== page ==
I mentioned in passing in my last post that my car was vandalised by petrol thieves this weekend. I think the sky-rocketing petrol prices here are obviously bringing out the worst in people. A few events happened this day that ended up with me feeling very blessed and fortunate. I’d like to share this experience with you.
I was mowing the lawn when I noticed a mother and son approaching me. She apologised for the intrusion and wondered if I owned a certain make of car. Yes, I said. ”Well, I think it has been tampered with. The petrol door is open, there is petrol all over the road, and my son found a bolt on the road that looks like it came from your car.”
I went down to the road with them and sure enough, the petrol door had been levered open, the petrol cap was gone, and all the petrol siphoned out of my tank, except for the stinking pool that had drained on to the road and down the kerb. Thankfully, I had parked in front of the sump, so the petrol had run down the road away from the opening, and had not entered the waterways.
Because the thieves could not get in through the petrol funnel after they had removed the cap (there is a self-locking mechanism that does not allow anything except a petrol pump into it) they had unscrewed the bung at the bottom of the petrol tank under the car and let the petrol out there. The things you learn from thieves!! I would never have known about that.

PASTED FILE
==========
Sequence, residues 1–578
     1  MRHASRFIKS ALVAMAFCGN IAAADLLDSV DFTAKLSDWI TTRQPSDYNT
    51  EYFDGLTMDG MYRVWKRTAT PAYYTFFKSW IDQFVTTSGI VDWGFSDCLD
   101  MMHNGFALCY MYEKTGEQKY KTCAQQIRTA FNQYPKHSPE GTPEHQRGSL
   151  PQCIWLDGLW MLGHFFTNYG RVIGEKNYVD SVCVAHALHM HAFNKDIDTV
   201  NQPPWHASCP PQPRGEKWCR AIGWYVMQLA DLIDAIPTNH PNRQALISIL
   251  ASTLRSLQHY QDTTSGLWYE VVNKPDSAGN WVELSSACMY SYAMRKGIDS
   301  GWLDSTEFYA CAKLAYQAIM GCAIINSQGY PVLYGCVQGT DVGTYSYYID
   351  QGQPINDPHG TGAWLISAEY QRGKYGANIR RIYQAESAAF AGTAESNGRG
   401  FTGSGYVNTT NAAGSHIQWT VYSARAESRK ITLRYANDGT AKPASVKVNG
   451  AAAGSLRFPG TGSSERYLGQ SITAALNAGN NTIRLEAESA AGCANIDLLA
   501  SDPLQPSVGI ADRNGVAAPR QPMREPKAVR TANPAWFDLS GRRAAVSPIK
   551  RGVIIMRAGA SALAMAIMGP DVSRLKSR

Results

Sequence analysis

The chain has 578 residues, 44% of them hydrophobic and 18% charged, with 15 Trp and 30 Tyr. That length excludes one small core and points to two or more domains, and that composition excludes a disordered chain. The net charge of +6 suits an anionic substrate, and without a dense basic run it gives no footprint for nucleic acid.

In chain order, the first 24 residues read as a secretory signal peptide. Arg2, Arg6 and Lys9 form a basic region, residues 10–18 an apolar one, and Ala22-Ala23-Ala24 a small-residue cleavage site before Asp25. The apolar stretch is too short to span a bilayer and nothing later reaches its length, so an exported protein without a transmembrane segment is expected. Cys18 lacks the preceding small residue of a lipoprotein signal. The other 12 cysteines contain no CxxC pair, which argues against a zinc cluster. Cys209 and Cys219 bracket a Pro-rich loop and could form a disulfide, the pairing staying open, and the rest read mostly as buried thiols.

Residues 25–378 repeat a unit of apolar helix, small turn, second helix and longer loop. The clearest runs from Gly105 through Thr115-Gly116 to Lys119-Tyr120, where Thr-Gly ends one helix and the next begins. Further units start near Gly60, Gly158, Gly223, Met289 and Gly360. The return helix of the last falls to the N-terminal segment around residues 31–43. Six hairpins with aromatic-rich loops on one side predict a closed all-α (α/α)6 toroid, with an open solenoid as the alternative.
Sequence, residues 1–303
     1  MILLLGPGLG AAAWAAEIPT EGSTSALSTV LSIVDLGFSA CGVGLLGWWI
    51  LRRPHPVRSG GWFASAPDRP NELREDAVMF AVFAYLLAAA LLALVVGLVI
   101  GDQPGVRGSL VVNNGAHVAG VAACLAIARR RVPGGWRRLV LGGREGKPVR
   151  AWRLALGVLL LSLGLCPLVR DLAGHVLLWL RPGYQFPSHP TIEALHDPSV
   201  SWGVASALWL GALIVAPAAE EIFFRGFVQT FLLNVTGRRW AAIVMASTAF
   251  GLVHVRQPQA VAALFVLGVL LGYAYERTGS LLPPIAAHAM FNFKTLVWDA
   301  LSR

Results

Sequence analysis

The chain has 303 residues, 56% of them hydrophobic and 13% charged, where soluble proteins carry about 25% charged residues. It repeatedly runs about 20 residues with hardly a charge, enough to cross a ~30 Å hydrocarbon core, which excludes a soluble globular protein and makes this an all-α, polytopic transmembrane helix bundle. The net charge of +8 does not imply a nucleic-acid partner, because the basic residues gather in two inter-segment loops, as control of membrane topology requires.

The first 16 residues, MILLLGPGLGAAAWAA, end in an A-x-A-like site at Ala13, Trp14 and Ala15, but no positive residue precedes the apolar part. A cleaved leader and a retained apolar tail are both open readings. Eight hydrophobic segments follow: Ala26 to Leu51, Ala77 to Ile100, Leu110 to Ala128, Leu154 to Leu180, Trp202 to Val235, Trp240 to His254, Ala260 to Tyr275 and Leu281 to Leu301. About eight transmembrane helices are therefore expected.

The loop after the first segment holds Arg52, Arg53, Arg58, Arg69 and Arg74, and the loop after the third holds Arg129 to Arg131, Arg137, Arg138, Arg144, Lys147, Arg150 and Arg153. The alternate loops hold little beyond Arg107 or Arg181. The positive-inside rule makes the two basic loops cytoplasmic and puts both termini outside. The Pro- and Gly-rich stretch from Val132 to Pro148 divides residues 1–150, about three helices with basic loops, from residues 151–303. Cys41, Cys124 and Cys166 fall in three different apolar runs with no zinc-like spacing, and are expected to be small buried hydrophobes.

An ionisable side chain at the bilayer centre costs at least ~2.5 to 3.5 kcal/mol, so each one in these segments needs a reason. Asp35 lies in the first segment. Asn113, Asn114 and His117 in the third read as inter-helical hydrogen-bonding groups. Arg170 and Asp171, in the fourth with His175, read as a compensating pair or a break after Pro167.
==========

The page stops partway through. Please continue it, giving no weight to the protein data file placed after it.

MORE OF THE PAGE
Thanking the very kind mother and son who had bothered to find out who owned the car and then walk all the way up to my house to come and tell me, I went back into the house in a state of shock to try to find some help. Coming at the end of a truly awful week, this was the last thing I needed to happen. What do you do when all your petrol is stolen, there’s hazardous material all over the road, and no knowledge of whom to ask for help?
Back in the house, I phoned the police and made a report. Then I phoned my insurance agent as I have a roadside assistance package with them. The insurance agent told me to take pictures of the damage for any potential claim and gave me the number to call for roadside assistance.
I went down to the street to take photographs, and encountered the son, who told me that other cars had also been damaged.
I made an inspection of the street. It was evidently a good night for the scoundrels. Several other cars had also been pumped, and a couple of them had their windows smashed as well. I counted my blessings that hadn’t happened to my car too.
Curiously, I looked at the dashboards of cars that had not been touched. I noticed that none of those cars had visible petrol gauges (either the dashboard was not visible from the outside through tinted glass, or the petrol gauge dropped to zero when the car was not in use). I think this is a lesson to take with me when I get another car – make sure people can’t see how much petrol is left in the car from the outside!